Here we are missing something that Caleb Stuart describes in the Contemporary Music Review as “the body of the musician . . . directly and causally in a one-to-one relationship, acting on an object physically to create a sound” (Stuart, 2003). Or, in other words, there is a lack of embodied virtuosity. Also, a conceptual connection between the body of the performer and the visuals is not apparent. I make this distinction precisely to avoid the overlap with many audiovisual performance manifestations where the performer’s presence on stage is somewhat redundant (apart of course from generating live audiovisual material). By this I mean that we may just as well experience the work as a recording without the live performer on stage and the meaning of the work would not change radically. This is by no means a value judgment, but this kind of work can properly be referred to as audiovisual performance. In VMP, a work exhibits elements of composition, structure, and/or conceptual underpinnings that relate the performers’ bodies and/or personas to the audiovisual media so there is a perceived spatial/temporal and/or metaphorical interrelation between them.
For the rest of the unit, I will focus on the implementation of video in relation to music and performers, because we have already covered a fairly decent amount of music-video (sound-image) relationships in this unit, and music-performer is an area extensively examined in musicology.
The embodiment of video on stage occurs usually through one or more screens. Whether it is an old CRT television set, a modern large-screen display (LCD, LED, OLED, etc.), a small-screen display such as that of a tablet or smartphone, a projection screen or a projection surface, even a VR headset, or a non-standard display, video becomes visible to the audience through a technologically mediated 2D or 3D frame. Lev Manovich (Manovich, 2001) provides a useful definition of the screen: “The visual culture of the modern period, from painting to cinema, is characterized by an intriguing phenomenon—the existence of another virtual space, another three-dimensional world enclosed by a frame and situated inside our normal space. The frame separates two absolutely different spaces that somehow coexist” (p. 95).
Thus, the frame of the screen hosts a virtual world on the stage along with the music performers. I want to propose three ways of describing the presence, integration, and significance of a video screen on stage. Each of them alters the perception of the music performers in different ways. It is common for two or all three meanings of the screen to be present in a piece. My categorization is based on what Vivian Sobchack described as the “three metaphors [that] have dominated film theory: the picture frame, the window, and the mirror” (Sobchack, 1992). The picture frame refers to formalist theories that consider the frame a synthetic space and insist on the artificial elements of cinema, such as ‘montage’ (editing). In contrast, the window metaphor is linked to realist theories which advocate an honest representation of reality. The screen as a mirror signifies the spectator’s identification not only with characters in the film but also with the apparatus of cinema (camera, projector, screen), which ultimately leads to identification with the self (Metz, 1981). My usage of these terms in the following categorization does not attempt to retain the strict original sense of the metaphors, but rather adjusts them as necessary for the practices of VMP.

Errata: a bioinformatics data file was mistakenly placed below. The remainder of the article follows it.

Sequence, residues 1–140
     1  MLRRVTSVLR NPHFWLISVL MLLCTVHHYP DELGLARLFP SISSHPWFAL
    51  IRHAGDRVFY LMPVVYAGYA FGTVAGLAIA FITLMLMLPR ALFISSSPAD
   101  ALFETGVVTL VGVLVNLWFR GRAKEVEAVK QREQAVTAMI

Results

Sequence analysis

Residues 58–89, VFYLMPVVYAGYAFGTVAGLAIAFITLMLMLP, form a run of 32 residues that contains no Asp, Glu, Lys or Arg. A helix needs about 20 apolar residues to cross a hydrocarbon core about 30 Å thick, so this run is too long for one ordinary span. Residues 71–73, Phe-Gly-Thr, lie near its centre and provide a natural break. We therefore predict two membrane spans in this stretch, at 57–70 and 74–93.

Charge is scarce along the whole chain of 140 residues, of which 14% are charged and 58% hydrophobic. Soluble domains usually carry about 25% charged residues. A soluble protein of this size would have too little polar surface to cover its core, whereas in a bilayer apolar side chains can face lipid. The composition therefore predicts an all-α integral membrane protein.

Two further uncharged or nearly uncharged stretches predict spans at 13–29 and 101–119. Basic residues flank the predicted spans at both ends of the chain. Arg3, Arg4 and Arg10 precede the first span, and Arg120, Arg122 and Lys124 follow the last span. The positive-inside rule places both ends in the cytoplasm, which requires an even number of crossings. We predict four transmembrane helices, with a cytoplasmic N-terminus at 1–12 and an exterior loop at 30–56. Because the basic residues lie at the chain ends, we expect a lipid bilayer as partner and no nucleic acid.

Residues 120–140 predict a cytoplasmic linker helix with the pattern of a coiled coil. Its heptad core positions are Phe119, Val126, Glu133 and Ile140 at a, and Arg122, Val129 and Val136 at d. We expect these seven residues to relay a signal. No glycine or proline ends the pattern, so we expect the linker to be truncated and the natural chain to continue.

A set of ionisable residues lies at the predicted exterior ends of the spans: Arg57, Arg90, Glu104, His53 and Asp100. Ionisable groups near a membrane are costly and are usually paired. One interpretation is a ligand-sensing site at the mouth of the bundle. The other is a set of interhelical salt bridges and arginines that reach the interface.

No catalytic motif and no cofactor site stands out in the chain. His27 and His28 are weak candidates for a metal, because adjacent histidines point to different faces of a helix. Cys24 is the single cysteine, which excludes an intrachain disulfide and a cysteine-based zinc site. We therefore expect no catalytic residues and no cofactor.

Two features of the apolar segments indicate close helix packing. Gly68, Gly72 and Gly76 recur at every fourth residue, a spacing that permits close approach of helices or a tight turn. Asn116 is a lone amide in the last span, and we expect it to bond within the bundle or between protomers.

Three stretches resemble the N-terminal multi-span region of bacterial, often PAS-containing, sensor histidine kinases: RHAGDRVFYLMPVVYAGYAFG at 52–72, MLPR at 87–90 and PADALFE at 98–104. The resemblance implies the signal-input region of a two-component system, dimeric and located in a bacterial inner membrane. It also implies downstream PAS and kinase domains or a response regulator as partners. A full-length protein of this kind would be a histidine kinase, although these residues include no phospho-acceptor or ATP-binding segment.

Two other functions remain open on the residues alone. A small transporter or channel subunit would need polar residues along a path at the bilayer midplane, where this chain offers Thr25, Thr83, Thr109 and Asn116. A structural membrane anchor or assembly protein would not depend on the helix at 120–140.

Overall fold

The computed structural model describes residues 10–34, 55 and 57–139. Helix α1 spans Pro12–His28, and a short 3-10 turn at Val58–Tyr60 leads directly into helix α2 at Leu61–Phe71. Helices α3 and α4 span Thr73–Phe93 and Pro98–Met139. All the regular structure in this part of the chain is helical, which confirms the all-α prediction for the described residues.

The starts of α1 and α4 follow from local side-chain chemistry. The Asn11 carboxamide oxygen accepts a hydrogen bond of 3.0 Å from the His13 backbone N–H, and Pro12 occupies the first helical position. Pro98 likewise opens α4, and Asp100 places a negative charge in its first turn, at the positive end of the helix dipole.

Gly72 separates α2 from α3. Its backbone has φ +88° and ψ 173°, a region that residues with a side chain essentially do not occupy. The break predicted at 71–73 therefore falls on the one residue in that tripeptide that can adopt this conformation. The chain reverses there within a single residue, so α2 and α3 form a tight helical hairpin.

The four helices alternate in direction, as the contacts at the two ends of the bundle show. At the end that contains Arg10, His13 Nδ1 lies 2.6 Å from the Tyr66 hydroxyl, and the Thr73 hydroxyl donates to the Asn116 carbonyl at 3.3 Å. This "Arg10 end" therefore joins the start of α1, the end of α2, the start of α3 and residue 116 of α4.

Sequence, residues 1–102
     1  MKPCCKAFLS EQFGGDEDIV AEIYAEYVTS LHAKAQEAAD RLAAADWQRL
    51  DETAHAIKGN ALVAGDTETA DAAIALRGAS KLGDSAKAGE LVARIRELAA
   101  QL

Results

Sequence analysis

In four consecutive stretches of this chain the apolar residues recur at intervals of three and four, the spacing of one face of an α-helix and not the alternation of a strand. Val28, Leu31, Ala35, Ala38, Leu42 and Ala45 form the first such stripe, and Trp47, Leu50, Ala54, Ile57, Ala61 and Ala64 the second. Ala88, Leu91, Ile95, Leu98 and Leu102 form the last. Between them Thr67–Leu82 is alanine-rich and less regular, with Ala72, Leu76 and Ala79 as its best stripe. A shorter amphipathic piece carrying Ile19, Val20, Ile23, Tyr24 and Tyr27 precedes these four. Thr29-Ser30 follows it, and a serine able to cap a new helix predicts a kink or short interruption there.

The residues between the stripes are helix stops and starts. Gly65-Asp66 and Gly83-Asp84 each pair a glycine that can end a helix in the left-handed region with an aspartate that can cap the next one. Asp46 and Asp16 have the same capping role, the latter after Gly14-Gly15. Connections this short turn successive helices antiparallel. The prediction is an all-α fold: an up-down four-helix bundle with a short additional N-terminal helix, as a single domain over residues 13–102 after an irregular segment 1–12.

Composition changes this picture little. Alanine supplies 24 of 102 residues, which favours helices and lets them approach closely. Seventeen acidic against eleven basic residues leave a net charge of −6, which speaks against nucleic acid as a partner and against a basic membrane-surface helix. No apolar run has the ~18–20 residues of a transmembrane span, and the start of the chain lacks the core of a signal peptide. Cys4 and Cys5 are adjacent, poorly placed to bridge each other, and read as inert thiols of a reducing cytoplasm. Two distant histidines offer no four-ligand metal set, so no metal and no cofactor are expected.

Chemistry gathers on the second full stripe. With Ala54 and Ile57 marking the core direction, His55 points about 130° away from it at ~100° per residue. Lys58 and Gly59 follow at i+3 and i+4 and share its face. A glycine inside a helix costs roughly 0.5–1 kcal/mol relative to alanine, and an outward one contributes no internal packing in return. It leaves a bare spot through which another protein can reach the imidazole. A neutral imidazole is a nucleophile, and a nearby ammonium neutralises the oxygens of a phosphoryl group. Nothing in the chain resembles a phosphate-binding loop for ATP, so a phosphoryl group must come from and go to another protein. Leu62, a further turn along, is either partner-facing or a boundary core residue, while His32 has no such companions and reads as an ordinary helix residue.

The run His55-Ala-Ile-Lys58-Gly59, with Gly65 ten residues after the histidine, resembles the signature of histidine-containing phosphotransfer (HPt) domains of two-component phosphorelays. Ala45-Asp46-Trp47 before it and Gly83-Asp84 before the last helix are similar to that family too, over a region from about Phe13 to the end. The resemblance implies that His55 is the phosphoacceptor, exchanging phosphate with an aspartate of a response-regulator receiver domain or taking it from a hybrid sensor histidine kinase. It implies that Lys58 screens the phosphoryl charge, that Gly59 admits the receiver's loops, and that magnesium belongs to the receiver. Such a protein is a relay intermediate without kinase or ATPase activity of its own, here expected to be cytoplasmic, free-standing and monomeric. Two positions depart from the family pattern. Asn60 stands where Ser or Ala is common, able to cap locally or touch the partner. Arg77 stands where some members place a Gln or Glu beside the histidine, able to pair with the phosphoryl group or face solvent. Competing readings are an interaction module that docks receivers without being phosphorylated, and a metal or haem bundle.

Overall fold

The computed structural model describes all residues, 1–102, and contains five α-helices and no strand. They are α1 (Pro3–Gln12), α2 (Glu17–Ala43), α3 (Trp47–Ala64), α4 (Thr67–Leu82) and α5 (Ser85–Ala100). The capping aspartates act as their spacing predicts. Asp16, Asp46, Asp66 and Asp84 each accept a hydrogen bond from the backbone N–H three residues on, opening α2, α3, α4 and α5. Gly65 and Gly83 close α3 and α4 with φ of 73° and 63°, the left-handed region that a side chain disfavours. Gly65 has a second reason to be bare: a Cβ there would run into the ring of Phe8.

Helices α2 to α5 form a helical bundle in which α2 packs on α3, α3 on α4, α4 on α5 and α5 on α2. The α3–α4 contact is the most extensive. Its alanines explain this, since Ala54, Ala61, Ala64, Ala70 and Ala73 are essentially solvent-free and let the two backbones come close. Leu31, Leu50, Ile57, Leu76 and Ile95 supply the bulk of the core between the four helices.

Screen as picture frame can (re)contextualize the music performance. The video displayed on screen provides clarification or adds external meanings to the music performance.
Screen as window can virtually augment the stage and the performance. The stage and performers are connected to other worlds, possibly inhabited by other performers.
Screen as mirror can reflect the performers on stage. Among the works I have encountered, the most widespread and effective solution for video integration is the reflection—literal or figurative—of music performance or any aspect of it onto the screen. This metaphor of the mirror is so prevalent in VMP that it deserves special attention. There are in fact so many pieces with mirrored performers that I am almost tempted to suggest a sub-subgenre of VMP: perhaps it could be called meta-video-music-performance. But, for now, I will attempt a classification of screen reflections that I found in VMP works.